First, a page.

Research Corner | A partnership between Macau Business and the Institute for Tourism Studies (IFT)
It is all about that jazz, that bass or those strings: interest in music seems to be the core motivator for festivalgoers attending music-based events. This is in contrast to attendees of other kinds of festival, where socialisation plays a major role in their decision to take part. So concludes a study by two researchers from the Institute for Tourism Studies (IFT).
“Festival-specific motivations, especially those relating to artists and musical performers, are seen to be important motivators for those attending music festivals,” wrote IFT scholars Thea Vinnicombe and Joey Sou Pek U. “The motivation to socialise, be it with family and friends, or to meet new people, is clearly less important [regarding] this festival genre.”
Their paper, “Socialization or genre appreciation: the motives of music festival participants”, was published last year in the International Journal of Event and Festival Management. It was based on a case study on the motivations of people attending the Macao International Music Festival, and a review of past academic articles on music festivals.
“These findings must be regarded as tentative as the sample of studies available and consequently the number of music festivals included is quite small,” Dr. Vinnicombe and Ms Sou cautioned.
They however noted: “The results suggest that by examining a subset of the same-category studies, namely, [of] music festivals, it is possible to identify motivations that are similar [common] across this festival type, and different to a more generalised set of festival studies.”
In their paper, the IFT researchers made reference to two previous academic articles that had compared studies on festival attendance motivation, in order to extract and define common motivators for eventgoers across a broad range of festivals and events. “Both studies found socialisation to be the most important motivator for festivalgoers across a large proportion of studies, with known group socialisation or socialisation with family and friends to be in second place,” the authors noted.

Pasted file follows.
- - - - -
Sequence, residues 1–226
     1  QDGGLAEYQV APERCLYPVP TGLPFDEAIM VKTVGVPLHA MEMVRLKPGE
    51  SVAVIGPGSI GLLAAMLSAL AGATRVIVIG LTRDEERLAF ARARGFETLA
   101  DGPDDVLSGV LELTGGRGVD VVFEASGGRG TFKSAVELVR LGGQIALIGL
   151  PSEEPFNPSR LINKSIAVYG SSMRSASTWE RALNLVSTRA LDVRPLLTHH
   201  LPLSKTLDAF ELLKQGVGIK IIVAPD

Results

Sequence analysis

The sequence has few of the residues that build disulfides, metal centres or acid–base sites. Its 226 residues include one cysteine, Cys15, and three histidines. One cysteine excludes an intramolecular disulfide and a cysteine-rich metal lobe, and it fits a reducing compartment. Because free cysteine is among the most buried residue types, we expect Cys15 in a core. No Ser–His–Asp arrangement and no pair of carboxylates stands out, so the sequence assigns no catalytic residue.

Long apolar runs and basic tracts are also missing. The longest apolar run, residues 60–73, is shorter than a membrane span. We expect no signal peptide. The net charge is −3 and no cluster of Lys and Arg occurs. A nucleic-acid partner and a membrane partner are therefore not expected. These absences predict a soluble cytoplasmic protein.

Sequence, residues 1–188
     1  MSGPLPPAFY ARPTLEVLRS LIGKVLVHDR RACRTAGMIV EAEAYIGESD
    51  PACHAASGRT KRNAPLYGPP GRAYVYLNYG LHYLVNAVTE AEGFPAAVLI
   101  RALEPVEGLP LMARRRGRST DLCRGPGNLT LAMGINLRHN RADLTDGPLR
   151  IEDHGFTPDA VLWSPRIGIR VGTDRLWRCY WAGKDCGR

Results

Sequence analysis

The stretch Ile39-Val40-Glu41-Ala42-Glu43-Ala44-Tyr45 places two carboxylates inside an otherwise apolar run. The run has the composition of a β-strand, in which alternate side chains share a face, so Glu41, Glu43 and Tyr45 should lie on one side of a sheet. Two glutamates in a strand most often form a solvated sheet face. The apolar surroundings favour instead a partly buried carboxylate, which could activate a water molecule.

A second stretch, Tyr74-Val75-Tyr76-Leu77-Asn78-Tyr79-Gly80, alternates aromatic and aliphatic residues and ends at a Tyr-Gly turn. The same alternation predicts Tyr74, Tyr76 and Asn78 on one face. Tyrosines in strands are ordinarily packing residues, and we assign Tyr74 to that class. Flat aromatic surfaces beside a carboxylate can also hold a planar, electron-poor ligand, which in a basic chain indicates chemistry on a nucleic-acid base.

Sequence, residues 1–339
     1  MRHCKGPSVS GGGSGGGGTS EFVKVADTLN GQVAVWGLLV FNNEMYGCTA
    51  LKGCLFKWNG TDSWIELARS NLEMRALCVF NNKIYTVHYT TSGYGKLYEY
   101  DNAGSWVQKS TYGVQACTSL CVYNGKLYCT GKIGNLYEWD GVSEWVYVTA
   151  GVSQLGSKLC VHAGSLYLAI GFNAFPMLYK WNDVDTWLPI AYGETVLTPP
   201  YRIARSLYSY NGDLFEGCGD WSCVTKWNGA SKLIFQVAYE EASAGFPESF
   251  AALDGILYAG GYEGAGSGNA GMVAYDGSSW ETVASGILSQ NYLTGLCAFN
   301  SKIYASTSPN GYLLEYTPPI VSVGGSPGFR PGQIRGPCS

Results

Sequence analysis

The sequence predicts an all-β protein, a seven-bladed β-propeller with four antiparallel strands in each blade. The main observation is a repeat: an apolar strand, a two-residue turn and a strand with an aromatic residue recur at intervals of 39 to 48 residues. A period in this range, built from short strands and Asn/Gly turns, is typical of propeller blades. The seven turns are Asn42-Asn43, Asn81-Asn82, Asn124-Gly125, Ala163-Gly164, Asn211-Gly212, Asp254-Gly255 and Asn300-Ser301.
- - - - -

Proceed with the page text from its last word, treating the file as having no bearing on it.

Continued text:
Their case study on the Macao International Music Festival focused on the event’s 2014 edition. The festival is the city’s largest and longest-running music festival, held each year over a one-month period in mid-autumn. A total of 406 show attendants – including 106 tourists – were interviewed, covering 10 of the festival’s 25 productions, and four of the six venues used for the festival.
“In common with the existing sample of music festival studies, attendees appeared to be motivated primarily by factors related to the music, such as the opportunity to see international artists and high-quality performances,” the IFT researchers wrote in reference to Macau’s music festival. “At the same time, both residents and visitors rated socialisation as the least important motivation for attending the festival,” they added.
Dr. Vinnicombe and Ms Sou stated such information could be utilised by festival organisers in planning for their events and in marketing efforts.
“With respect to music festivals, in particular, the Macao International Music Festival, the focus should remain on quality performers and a range of performances, especially those not typically available,” the scholars suggested. “As socialisation is a relatively unimportant motivator, organisers need not waste resources on either planning for or marketing this aspect,” they said.
On a broader perspective, the IFT researchers said their results suggested that classifying and examining festival attendance motivations by event category – such as food and wine festivals, sports festivals and local cultural festivals – could prove useful. “Instead of continuing to search for a common set of motivations across a broad range of festivals, motivations common to sub-categories are likely to be much more readily found,” they wrote.
Thea Vinnicombe – an Assistant Professor at the Institute for Tourism Studies – has been teaching economics at higher education institutions in Australia and further afield for a number of years. She came to IFT from the University of Applied Sciences in Fulda, Germany. Dr. Vinnicombe has a PhD in economics from the University of Queensland, in Australia. Her research interests include the history of economic thought, Islamic economics and finance, and resource economics.
IFT Lecturer Joey Sou Pek U holds a master’s degree in development economics from the University of Birmingham in the United Kingdom. Ms Sou teaches topics related to economics, statistics and finance. Her research interests include development economics, with a particular focus on empirical studies in Greater China.
Thea Vinnicombe and Joey Sou Pek U: “Socialization or genre appreciation: the motives of music festival participants”, International Journal of Event and Festival Management, Volume 8, Issue 3, pages 274-291, 2017.